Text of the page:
The early signing period is days out, with National Signing Day under two months away—and while nothing matters until the ink is dry—the getting has been good and UM has picked up some solid commitments from kids who look like future ballers, even the wake of this late-season stumble.

With a new wave Hurricanes set to get on board in 2020, no better time for Diaz to do a hard reset—rethinking the rookie mistakes he made in 2019—while also revisiting his 2017 brainchild, which obviously needs tweaking.

Where the Turnover Chain was a game-changer for Miami—and college football as a whole, two seasons ago—it’s become a distraction as the Hurricanes have stumbled to a troubling 13-15 record since that fast 2017 start.

The beloved Cuban link was a motivational tool it’s inaugural season—the Canes jumping from 67th nationally in turnovers forced in 2016, to 13th in the nation in 2017—but it’s literally become a participation trophy in 2019; players rushing to the sideline to don the hardware and mug for cameras, while an inconsistent offense retakes in the field in a game Miami is en route to losing.

Per the aforementioned Herald piece by Jackson, the jewelry isn’t sitting well with the way it is currently on display.

“The other thing they’re not happy with is the bling shit,” the executive shared, regarding UM’s Board of Trustees members. “The Turnover Chain, the rings, the dancing on the sidelines—you look like an idiot when doing that with a 6-6 team.”

Where the Miami of yesteryear could tell the BoT to shove their sentiments up their ass—as the product on the field backed everything up—the complete opposite is true now; as there’s simply no talking when playing .500 football. Just shut up and get back to work.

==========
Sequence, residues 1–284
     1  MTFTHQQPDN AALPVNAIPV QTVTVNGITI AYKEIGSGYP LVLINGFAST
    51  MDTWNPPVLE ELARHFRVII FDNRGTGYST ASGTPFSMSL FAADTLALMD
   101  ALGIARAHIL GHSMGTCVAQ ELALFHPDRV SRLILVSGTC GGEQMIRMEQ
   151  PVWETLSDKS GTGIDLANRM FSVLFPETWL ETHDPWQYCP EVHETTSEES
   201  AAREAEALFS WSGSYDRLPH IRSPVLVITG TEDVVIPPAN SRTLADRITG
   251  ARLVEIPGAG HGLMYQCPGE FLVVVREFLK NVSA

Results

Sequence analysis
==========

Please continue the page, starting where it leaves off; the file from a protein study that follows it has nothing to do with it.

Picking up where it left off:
Shelving the jewelry long-term would be a bit aggressive; as the jewelry is vintage Magic City—but only when Miami is taking care of business. The fact it’s not; Diaz must take ownership and responsibility for this thing he created—rewriting the rules and fully realizing that fine line between ultimate motivation and a lethal cocktail of self-absorption and self-promotion.

These kids completely missed the point regarding the hardware these past two seasons—while Diaz couldn’t have whiffed more by introducing Touchdown Rings as a reward for 2019, on the heels of last season’s setback and with too many questions regarding how this offense was going to execute and perform.

Lastly, there also needs to be a long, hard look at this current staff when Diaz works towards an off-season epiphany and ways to right the ship. 7-6 wasn’t good enough to carry anyone over from Richt’s offense staff last year—and with that record Miami’s best-case scenario for this season, barring it actually shows up for a meaningless bowl game, how does Diaz deal with his one-year old staff are this disaster of a campaign? 

Dan Enos was poached from Alabama as some “quarterback whisperer”—one Miami paid a reported and unprecedented $1.2M for, no less. A dozen games in, no Hurricane quarterbacks look vastly improved—while the offense has regressed. Enos constantly trying to out-clever the competition, while sticking with a quarterback under center and long-developing run-pass-option plays that don’t get the ball out of guys’ hands quick enough—behind a garbage offensive line.

Similar cases can be made for offensive line coach Butch Barry—whose unit has struggled all fall, while getting knocked technique-wise by former UM lineman—as well as defensive coordinator Blake Baker; so green he needed Diaz’s help midseason when the Hurricanes whiffed on 29 tackles in that overtime loss to a one-win Georgia Tech team.